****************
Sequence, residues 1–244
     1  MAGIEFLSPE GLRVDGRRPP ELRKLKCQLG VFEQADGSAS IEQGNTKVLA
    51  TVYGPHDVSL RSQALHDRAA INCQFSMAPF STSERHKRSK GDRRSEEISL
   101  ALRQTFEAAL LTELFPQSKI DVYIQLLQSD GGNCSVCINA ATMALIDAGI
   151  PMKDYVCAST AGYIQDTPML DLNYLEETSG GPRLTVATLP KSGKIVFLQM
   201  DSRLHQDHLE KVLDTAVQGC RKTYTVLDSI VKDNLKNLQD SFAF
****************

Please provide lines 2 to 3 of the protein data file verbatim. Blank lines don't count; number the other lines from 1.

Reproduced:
     1  MAGIEFLSPE GLRVDGRRPP ELRKLKCQLG VFEQADGSAS IEQGNTKVLA
    51  TVYGPHDVSL RSQALHDRAA INCQFSMAPF STSERHKRSK GDRRSEEISL